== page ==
» ICE Implements President Trump’s Immigration Enforcement Priorities

ICE Implements President Trump’s Immigration Enforcement Priorities

Dallas immigration lawyers

Dallas immigration lawyers - Rabinowitz & Rabinowitz, P.C.

Dallas, TX (Law Firm Newswire) August 16, 2017 – U.S. Immigration and Customs Enforcement (ICE) has announced new policies to implement executive orders from President Trump on immigration enforcement.

A February 21, 2017 memorandum states that Enforcement and Removal Operations (ERO) officers will take enforcement action against any removable aliens they come into contact with while executing their normal responsibilities. In adhering to the executive orders, no categories of removable aliens will be exempt from enforcement. In addition, the ICE policy calls for prioritizing the removal of aliens who have been involved in criminal or fraudulent activity.

The logistics of the policy are the challenge.

“How will ICE balance its stated goal of prioritizing removal of criminal aliens (the “bad hombres”) against ICE’s new policy of taking enforcement action against all removable aliens encountered in the course of their duties?” asked Stewart Rabinowitz, a prominent Dallas, Texas immigration attorney. “How many fewer criminal, removable aggravated felon aliens will ICE catch if it must pursue a removable but non-criminal alien who comes to ICE's attention for failure to pay a parking ticket?”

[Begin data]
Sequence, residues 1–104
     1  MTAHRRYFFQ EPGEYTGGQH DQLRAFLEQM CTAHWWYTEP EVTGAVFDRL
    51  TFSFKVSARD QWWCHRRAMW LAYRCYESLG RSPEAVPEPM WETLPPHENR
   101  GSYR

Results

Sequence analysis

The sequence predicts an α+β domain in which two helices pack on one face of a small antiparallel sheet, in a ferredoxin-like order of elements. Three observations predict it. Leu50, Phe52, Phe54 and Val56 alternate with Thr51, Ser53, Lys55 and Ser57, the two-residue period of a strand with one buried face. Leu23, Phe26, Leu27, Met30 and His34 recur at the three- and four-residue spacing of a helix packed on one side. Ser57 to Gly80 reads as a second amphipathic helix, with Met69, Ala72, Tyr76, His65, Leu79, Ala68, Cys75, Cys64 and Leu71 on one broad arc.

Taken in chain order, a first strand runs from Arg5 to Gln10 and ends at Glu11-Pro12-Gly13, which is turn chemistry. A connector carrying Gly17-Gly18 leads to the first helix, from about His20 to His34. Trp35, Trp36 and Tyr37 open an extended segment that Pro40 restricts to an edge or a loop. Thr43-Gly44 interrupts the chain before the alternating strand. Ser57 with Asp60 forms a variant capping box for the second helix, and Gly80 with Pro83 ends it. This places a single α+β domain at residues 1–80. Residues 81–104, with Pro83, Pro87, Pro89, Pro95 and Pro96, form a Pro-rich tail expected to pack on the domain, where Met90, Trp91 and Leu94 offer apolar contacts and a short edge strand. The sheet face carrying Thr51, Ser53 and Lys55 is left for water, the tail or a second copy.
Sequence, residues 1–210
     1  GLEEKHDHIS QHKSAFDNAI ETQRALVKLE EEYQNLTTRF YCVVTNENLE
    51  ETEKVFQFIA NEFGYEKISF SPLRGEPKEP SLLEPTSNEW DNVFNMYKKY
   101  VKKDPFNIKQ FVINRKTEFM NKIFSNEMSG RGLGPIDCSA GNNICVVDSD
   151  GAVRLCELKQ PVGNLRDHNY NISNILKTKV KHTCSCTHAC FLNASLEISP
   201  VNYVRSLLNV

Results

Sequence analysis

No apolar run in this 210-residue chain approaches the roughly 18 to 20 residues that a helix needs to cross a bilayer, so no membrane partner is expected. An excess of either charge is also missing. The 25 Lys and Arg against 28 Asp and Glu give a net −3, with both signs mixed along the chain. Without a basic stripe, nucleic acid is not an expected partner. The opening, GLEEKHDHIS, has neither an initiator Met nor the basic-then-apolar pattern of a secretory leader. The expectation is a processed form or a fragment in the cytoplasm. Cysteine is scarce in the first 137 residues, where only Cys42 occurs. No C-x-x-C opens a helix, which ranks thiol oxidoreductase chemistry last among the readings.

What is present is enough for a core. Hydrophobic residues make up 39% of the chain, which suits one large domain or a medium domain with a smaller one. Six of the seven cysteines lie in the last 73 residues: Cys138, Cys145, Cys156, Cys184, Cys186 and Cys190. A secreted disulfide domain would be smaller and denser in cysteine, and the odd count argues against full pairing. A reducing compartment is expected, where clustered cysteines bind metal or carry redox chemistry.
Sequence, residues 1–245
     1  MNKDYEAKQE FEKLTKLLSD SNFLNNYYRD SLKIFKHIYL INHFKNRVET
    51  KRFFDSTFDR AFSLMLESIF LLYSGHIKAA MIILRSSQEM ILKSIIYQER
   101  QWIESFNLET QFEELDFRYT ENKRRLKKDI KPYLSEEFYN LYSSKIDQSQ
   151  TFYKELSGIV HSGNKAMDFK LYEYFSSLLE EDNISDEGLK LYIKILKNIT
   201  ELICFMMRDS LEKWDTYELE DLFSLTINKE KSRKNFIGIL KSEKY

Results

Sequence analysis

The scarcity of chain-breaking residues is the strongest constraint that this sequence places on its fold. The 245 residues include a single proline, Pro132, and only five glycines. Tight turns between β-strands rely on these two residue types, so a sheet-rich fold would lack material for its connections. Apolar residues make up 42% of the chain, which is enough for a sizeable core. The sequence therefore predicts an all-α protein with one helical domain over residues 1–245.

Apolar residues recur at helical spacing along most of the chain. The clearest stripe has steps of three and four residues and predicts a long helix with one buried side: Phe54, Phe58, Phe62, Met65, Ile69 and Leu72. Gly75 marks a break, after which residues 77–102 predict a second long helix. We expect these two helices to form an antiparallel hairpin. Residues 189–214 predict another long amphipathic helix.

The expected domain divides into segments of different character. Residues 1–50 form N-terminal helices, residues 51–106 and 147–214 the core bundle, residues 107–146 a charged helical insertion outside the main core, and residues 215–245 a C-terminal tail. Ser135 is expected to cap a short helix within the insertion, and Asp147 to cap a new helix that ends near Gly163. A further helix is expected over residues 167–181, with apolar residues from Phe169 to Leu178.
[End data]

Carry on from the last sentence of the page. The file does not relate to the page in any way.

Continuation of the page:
President Trump intended to halt ICE’s “catch and release” procedure, under which undocumented immigrants who were detained but determined not to pose a security risk were set free while waiting for an immigration court date. Homeland Security Secretary John Kelly said in April, 2017, that the catch and release policy had been “ended.” ICE agents interviewed by reporters at the border say that procedures have not changed, due to a lack of clear guidelines and a shortage of detention space.

The February memorandum stated that ICE “is currently expanding detention space” to support the termination of “catch and release” policies. To date, though, ICE still releases migrants who are determined to pose little risk because there are not enough beds in detention facilities to hold them.

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